Deep underneath our feet lies Earth's outer core, a fluid layer over two thousand kilometers (1,500 mi) in thickness. Sandwiched between the planet's mantle and solid inner core, this super-hot structure is made of molten metal such as iron and nickel.
Seismic waves measured from earthquakes and volcano activities have been providing scientists information about the inner structure of our planet. But the movement of these acoustic waves is highly dependent on the property of the medium and the depth of their origins, thereby posing a restriction on how much information seismologists can obtain through seismic observations.
In a recent report, scientists at the University of Tokyo described their simulation of the Earth's center using a diamond anvil. For the first time in history, a tiny sample of liquid iron was compressed and maintained under the ultra-high pressure and temperature for a substantial period in a lab environment.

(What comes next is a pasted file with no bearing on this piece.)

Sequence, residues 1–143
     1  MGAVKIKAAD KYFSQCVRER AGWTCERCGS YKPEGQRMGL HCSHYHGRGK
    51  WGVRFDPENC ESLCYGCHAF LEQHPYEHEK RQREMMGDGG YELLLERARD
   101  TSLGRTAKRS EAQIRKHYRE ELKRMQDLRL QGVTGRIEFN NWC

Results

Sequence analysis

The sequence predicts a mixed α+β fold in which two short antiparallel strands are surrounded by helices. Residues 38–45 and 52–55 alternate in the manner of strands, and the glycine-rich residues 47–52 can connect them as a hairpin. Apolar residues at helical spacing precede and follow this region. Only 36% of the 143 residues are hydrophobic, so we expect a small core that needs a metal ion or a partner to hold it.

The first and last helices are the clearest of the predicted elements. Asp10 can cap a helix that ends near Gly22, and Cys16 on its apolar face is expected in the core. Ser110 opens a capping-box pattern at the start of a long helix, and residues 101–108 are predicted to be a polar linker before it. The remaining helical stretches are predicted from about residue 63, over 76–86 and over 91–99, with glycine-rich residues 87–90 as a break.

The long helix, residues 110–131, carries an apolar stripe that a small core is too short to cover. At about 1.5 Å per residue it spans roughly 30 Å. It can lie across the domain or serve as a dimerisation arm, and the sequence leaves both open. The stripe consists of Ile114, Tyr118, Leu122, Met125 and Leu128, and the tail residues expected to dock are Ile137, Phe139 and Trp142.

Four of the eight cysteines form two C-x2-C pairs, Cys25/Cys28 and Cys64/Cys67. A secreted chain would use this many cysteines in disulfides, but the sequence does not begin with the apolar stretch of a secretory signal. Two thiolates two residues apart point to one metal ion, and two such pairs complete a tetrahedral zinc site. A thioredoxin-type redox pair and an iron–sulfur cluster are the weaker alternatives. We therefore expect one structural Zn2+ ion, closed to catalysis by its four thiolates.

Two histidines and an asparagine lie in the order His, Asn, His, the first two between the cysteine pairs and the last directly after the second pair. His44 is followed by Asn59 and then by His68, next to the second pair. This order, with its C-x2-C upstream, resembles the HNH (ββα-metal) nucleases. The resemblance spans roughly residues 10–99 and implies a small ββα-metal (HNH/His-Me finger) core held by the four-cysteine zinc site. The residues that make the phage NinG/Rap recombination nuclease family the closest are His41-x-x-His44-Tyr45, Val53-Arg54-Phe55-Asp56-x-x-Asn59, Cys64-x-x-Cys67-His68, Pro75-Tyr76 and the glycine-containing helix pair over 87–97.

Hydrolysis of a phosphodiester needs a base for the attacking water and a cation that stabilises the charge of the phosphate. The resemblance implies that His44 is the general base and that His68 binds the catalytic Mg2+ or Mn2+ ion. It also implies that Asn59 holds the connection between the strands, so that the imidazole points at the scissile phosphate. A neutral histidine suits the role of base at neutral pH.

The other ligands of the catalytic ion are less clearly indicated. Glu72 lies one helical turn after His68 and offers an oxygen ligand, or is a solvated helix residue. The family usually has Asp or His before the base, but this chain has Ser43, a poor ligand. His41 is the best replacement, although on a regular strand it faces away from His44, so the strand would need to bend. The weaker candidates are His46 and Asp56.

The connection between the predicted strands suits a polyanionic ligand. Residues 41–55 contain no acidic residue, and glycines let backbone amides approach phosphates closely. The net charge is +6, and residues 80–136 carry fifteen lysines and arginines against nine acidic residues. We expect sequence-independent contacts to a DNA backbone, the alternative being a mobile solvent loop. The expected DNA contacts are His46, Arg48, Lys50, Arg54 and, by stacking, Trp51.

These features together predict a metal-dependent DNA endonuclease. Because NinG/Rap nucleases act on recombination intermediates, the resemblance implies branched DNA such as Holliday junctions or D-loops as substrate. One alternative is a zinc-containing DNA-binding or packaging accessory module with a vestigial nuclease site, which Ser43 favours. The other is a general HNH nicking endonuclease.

The Japanese researchers probed the iron sample with a highly focused synchrotron X-ray source and measured its density. They found that the compressed liquid iron specimen is about 8% denser than the outer core, whose density was estimated from previous studies. This evidence suggests that the molten outer core is likely to include lighter elements that have yet been identified.
The new finding regarding the core's composition could have significant implications for its movement. By combining the anvil-based measurement with mathematical modeling, this study represents a brand new approach to explore Earth's inner structure and improves our understanding of what's underneath its surface.
This study is published in the journal Physical Review Letters.
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